I hope it reverses some day. I hope it does very soon. I want to write stories again.

75: Acedia

This is story number 5 of the 7even series.

“Dinkar… look at that boy Sachin. He is only a couple of years older to you. But he has already made a début in the Indian national cricket team. You too are a good batsman Dina… I think you should work towards it.”

“I am Baba… even I’m a good batsman. I need not prove it time again.”

“I know Dina… I just want you to work hard towards it. Yesterday I met your coach Achrekar. He said you are always late to practice in the morning? Some times you skip it too. What is this?”

“Ah … he calls us at 5am. I cant wake up that early. Besides, dont worry… I’m still the number one batsman at my club.” Continue reading

Z2: Sara

Please read the first part “Red & White” before reading further.

It had been raining since the night. Sarika had heard a lot about water logged roads and slippery tracks on the Valkyrie mountains. She insisted they take their own vehicle to the palin top where her classmates were planning to hike. But none agreed. They found it fun to go by the public transport and then climb up on the top, despite the rains. Sarika hated rains and all the filth it brought with it. Afterall, being born in a super rich family, she had all the luxuries at her door step. She was born with a golden spoon with diamonds studded all over. She could have studied in any school and university in the world. And yet her father had chosen to send her to the vedic high school just on the outskirts of the Jaisingpur. “You’ll learn life.” He had told her. And now she was about to learn travelling in a public transport, walk 3 miles and learn hiking in a heavy down pour. It was already making her sick. Continue reading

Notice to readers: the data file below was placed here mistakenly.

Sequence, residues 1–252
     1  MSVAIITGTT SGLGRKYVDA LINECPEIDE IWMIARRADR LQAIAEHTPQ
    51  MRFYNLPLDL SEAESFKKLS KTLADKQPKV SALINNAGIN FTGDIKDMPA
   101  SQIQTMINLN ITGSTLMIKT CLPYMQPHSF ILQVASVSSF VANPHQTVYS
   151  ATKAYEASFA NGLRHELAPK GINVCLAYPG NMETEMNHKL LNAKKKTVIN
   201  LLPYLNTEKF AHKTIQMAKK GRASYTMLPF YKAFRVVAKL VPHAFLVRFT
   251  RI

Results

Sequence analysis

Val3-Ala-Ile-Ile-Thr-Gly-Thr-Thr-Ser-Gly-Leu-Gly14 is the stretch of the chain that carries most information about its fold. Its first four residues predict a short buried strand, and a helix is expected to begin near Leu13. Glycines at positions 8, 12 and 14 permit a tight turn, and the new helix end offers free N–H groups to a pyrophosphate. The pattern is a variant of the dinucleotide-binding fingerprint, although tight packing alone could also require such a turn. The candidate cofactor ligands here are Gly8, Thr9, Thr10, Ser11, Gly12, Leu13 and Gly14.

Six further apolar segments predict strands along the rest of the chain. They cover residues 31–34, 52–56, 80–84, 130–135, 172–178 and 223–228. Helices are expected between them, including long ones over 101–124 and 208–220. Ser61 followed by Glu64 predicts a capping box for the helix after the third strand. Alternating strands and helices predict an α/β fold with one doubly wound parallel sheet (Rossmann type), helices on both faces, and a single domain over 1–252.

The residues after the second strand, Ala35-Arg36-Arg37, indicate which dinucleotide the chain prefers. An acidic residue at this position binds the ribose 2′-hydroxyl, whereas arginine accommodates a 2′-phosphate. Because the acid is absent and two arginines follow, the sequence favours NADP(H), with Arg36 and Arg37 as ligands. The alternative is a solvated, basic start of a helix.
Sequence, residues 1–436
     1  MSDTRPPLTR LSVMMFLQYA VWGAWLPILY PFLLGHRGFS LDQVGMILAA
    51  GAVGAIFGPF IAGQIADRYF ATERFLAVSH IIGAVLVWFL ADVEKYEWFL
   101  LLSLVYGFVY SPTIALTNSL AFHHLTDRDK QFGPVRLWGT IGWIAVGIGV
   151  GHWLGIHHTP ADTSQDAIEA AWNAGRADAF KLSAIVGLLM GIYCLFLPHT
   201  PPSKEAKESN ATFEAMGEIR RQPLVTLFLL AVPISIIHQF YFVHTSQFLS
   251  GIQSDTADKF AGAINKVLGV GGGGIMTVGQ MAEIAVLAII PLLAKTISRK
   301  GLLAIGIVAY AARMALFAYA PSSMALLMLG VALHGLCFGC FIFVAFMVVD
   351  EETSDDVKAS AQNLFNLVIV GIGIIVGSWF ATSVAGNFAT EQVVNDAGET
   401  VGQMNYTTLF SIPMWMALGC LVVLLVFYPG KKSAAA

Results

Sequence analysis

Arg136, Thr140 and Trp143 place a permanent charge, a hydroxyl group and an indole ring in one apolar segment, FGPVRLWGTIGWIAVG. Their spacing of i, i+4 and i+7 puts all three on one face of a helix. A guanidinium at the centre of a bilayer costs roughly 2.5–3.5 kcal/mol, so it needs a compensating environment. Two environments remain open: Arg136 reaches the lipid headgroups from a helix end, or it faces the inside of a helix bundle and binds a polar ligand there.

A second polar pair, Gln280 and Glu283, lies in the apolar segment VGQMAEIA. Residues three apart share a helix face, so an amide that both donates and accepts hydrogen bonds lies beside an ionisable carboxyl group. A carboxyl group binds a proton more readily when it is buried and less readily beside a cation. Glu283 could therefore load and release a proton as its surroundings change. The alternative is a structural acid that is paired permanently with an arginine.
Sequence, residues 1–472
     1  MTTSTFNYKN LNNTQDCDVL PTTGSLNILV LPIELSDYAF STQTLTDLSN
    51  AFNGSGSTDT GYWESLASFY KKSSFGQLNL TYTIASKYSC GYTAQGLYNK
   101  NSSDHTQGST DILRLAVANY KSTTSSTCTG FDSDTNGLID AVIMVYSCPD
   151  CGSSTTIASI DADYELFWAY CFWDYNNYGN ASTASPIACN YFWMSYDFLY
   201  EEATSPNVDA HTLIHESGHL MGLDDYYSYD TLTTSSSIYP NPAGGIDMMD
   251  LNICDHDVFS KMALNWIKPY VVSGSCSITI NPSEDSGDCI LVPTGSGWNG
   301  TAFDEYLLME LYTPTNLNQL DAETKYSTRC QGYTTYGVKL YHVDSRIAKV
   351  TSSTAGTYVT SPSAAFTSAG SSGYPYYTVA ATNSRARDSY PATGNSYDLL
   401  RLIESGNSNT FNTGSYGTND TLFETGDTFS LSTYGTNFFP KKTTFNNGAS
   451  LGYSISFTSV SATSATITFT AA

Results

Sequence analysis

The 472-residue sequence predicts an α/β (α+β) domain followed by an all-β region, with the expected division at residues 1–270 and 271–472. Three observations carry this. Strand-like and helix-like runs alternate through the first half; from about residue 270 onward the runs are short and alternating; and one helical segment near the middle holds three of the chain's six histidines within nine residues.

Z1: Red & White

This is the first story in the ‘Z’ category. It will have seven parts. I request for patience and hope it is liked

The trumpet band was blowing in full force. On both sides of the street he could see people cheering up every ‘jhaki’ moving ahead. They had turned out in large numbers. Some of them were waving the Indian flag. It was a memorable day for Aravinda. He had never watched a republic day parade ever in his life. He remembered how much his father wanted him to and how he gave it a miss every year on 26th January. It was a national holiday and he always believed in using it to play cricket the whole day with his friends. He never thought one day he will be walking down this road himself, taking the guard of honour and a medal from the president. It was a day ‘vinda’ was never to forget. Continue reading

New Brand of Stories

20 love stories and I feel I have done enough justice to the ‘romantic’ me. It is not time to explore the ‘story teller’ me. So I’m starting a new brand of stories under category, err… well it goes uncharacterised. Because there are so many varied ideas inside my brain. It is difficult to exactly name the genre. Plus the stories will be complex and not necessarily short.